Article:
I’m presenting in Long Beach on April 8 at the Campus Technology conference-on ePortfolios!
Archive for the ‘Uncategorized’ Category
Helping student write is the key (and that means teaching what plagiarism is and how to avoid it!)
Originally posted on April Yamasaki:
A Fragile Trust: Plagiarism, Power and Jayson Blair at The New York Times – This documentary premiers on May 4, 2014 on PBS, including an exclusive interview with the journalist at the centre of the controversy.
Plagiarism.org – If this website had existed back when I was teaching English, I would have recommended it to my students as a useful resource.
The Real Problem with Mark Driscoll’s ‘Citation Errors’ - okay, so it wasn’t plagiarism, it was the fault of the research assistant/ghost writer?
No stigma for mental illness!
Originally posted on TED Blog:
A professor with schizophrenia
Elyn Saks has chronic schizophrenia, and she is a professor of law, psychology and psychiatry at USC. She might have spent her life in the back ward of a hospital, but that’s not what happened.
She starts by telling of the time when Dr. White, her doctor after she graduated from law school, was getting ready to leave his practice. The idea of losing his care hit her hard, and she had a break. A good friend came to help, and reading from her journal, she says, “I opened the door to my studio apartment. Steve would later tell me that all the times he had seen me psychotic, nothing would prepare him for what he saw that day.” She describes a crumbling world, with voices saying: “Tell the clocks to stop. Time is. Time has come.”
She’s here to tell us her story. This is, she hastens to add…
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Joe Bonamassa: played at the Saroyan Theater in Fresno, CA. I attended his concert and it was great! The energy, the music, his complete mastery of the guitar and his band, especially the drummer, made for an awesome 2 hour concert. He started on time and played the entire 2 hours, even though he gave his drummer, keyboard player and other guitarist a break!
He’s even better live! I attended his concert at the Tower Theater on February 17. Amazing guitarist and a caring human being!
A recent study about pain attempts to debunk the commonly held belief that women have a higher pain tolerance than men. In a recent blog post, Dan Ariely, reported on a study whose conclusion, based on patients’ self reports, that women rate pain 20% higher than men.
To me, this does not debunk the commonly held belief about women and pain primarily because these are self reports. Women may be more willing to admit pain & less willing to “tough it out.” Second, men may be willing to underreport the amount of pain in order to not seem weak. So I continue to agree with Dr. Ariel’s teacher that women have a higher tolerance for pain.
I happened to turn on the news yesterday morning and watched in amazement while President Obama released additional birth certificate documents.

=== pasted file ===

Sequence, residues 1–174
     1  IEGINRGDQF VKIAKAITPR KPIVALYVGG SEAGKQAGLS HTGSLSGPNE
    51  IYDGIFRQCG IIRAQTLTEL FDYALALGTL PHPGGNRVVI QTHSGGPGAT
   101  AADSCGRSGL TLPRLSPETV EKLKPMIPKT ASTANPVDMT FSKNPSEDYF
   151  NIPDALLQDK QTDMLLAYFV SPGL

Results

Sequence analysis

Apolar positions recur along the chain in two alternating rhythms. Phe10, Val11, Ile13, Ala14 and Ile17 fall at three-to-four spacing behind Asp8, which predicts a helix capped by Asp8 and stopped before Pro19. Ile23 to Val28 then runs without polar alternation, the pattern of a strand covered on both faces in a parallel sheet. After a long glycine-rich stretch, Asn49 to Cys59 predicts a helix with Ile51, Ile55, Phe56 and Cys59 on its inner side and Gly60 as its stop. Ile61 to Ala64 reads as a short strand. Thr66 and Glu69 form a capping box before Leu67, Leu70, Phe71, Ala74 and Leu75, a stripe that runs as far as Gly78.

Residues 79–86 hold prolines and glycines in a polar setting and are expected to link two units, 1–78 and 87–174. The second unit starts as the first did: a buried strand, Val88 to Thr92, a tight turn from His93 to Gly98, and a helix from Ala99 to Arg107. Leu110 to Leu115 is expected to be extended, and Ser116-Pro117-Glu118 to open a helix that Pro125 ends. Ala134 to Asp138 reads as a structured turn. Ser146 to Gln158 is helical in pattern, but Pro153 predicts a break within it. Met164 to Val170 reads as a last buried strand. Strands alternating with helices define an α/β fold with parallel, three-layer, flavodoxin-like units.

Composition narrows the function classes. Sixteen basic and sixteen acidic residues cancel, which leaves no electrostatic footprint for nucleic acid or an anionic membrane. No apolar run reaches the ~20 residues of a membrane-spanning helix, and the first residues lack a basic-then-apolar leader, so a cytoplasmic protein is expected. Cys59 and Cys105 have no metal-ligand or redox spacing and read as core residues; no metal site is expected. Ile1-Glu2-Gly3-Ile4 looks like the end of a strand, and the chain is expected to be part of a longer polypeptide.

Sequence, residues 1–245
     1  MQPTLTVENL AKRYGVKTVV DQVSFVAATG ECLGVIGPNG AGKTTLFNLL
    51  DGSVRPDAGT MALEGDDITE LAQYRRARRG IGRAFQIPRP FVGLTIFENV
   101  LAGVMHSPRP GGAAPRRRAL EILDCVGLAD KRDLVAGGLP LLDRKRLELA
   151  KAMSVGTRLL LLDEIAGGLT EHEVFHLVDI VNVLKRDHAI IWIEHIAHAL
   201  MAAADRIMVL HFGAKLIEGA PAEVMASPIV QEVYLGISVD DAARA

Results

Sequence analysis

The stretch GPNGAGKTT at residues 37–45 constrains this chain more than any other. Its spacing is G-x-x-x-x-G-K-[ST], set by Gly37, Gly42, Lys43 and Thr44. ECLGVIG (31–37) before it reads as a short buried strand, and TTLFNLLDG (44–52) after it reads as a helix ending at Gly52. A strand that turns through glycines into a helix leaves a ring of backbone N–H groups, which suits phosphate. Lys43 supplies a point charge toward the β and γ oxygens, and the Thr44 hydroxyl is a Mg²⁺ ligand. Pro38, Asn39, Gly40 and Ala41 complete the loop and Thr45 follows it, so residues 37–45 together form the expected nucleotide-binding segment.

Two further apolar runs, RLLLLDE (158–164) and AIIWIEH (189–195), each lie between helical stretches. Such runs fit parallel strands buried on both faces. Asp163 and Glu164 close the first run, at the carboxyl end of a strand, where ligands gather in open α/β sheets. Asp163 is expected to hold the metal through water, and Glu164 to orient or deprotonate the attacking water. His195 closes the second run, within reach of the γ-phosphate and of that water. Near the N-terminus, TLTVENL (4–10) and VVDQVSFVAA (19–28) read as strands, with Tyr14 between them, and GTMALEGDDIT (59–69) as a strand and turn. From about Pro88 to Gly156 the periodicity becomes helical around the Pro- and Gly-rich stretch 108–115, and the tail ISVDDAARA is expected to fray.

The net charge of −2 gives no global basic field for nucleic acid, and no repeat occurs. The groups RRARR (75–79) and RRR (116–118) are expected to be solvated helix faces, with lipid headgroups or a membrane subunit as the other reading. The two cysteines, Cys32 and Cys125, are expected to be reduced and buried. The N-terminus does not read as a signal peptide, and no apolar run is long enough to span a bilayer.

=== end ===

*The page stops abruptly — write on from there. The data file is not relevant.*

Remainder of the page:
It is disheartening to see that important issues, among those, helping students develop skills to become critical thinkers so that they can help manage issues now and in the future, have been disregarded by media figures who persist in attacking the president through subtle and not so subtle challenges to the President’s bona fides. It smacks of the type of racism that is most difficult to combat-racism that is covered in a veneer of civility. The following video from Rachel Maddow’s show The racist roots of ‘birtherism.‘
I hope that this is the end of challenges to President Obama’s bona fides. It is a very frustrating and sobering look at education’s failure to educate media and the public about a true critical analysis and debate.
I must admit that I feel trepidation whenever I have to/need to/want to make a change or do something differently. Yet I tend to embrace the change if it is something that I think will help me do my job better. That’s especially so because teaching and improving learning is somewhat imprecise and isn’t represented by a tangible object that can be easily measured.
It’s interesting to watch others’ response to proposed change. The variations in response always surprise me, even though by now I should expect it. Although I think of educators as thinkers and innovators, not all are. Many are content to do what they’ve always done, just as others in non-education fields can be content.
A colleague once told me that when we redesign courses, we should not only look at those courses where the failure rate is high. We should also examine the courses (especially when they are the same courses) where the pass rate is extremely high. The issue might be that the standards in the course where the pass rate is extremely high either have answers that can be passed along or that that particular instructor is not holding students to high standards.